Another avenue of support via the New York State Council on the Arts are grants for artists to pursue their own projects and initiatives. This category was new in 2022 for the Folk and Traditional Arts Category of NYSCA. Folk and Traditional artist grants are allowing artists to execute programs, pieces, performances, workshops, etc. on their own.
Following New York State’s $105 million investment in the arts for FY2022, NYSCA has awarded more than $80 million in arts grants to organizations and individual artists since June 2021. Of that over $250,000 has been awarded directly to folk and traditional artists via Individual Artist and Apprenticeship Grants. Over 30 Folk and Traditional Artists in New York State received an apprenticeship or Individual Artist grant for 2022.
Recipients and art forms are various and include:
Luis Cordero, Rosa and Felix Reyes and Edy Cordero, Bachata and Merengue via Long Island Traditions
Juan José Gutiérrez and Juan Gerena, Bomba y Plena via LOS PLENEROS DE LA 21
Clarence “Bucky” Geter and John Walton, Gospel Music via The ARTS Council of the Southern Finger Lakes
Richard Koski with Michael Ludgate and Katrina Mackey, Finnish American Dance Music via the The ARTS Council of the Southern Finger Lakes
Hayden Haynes and Darelyn Spruce, Seneca Bone Carving via The ARTS Council of the Southern Finger Lakes
Victor Manuel Garcia Gonzalez AKA Dindy and Gomany Norales, drum making via HEDco; Bronx Music Heritage Center
Tashi Sharzur (Techung) with Mia and Jasmin Eames, Tibetan music and dance via New York Folklore
Muhammad Ismail Durdi with Muhammad Yousaf and Muhammad Ayoob, Turkmen rug weaving via New York Folklore
Peniel Guerrier with Kayenne Charles-Pierre, Haitian traditional dance via the Center for Traditional Music and Dance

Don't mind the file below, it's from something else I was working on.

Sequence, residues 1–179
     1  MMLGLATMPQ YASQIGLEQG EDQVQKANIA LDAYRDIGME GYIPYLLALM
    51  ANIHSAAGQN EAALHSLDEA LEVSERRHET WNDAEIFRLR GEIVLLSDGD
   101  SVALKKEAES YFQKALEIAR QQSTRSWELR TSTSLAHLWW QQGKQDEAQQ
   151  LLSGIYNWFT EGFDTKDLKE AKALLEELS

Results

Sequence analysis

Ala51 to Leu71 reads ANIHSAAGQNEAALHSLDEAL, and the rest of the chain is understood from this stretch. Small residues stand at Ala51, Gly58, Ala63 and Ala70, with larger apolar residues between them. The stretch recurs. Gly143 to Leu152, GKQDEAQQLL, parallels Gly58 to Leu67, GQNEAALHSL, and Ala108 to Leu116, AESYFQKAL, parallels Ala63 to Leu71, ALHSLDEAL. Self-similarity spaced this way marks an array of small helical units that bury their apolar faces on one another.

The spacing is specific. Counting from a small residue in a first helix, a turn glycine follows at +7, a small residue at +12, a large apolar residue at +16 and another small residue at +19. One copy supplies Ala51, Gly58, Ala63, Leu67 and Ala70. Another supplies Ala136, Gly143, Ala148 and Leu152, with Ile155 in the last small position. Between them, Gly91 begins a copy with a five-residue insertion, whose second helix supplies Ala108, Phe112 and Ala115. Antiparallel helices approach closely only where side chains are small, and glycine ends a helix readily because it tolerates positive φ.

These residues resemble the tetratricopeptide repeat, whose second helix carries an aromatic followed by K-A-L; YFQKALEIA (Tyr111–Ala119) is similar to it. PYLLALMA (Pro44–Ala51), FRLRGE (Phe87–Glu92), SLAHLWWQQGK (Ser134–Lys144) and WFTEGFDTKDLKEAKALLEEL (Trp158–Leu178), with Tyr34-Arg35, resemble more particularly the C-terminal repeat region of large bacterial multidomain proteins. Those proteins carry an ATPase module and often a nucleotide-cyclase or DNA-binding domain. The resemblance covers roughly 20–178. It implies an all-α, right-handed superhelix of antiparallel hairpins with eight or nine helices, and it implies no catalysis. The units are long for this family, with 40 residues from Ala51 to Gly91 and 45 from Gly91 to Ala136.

Salieu Suso with Fode Diop, kora West African harp via the Center for Traditional Music and Dance
Individual Artist Grants include the following:
Beareather Reddy for In My Soul
Bonnie Gale for Exploring Willow Casket Making
Altin Stoja for Shining a Light, A Public Art Project in Greek Orthodox iconography.
Nada Odeh for Arabic Calligraphy Workshop and Mural
Melvis Santa for Women Akpwon: Afro-Cuban Percussion and Song Workshops and Performances
Gretchen Koehler for Fiddling with Tradition
Esraa Warda for Rani Mrida Music and Dance Initiative
This is just a sampling of the many traditional arts activities and artists supported in 2022 through the New York State Council on the Arts.
Photo: Aziz Peerzada and his 11-year old son Saboor perform
a beautiful set of Punjabi folk songs at the 2016 Brooklyn Arts Council Festival.
On November 23, 2020, I attended a virtual Zoom hearing on the decision by the Brooklyn Arts Council (BAC) to cancel its folk arts program, and to lay off our colleague, folklorist Chris Mule. The artists, folklorists, scholars and community leaders attending spoke with great support and appreciation for Chris’ role at BAC and his work with many artists and communities of Brooklyn. Charlotte A. Cohen, the executive director of BAC demonstrated extensive knowledge and appreciation of the field, and of the relationships that Chris had built over six years in the position. Nevertheless, she said that the decision to cancel the program was was made for purely budgetary reasons.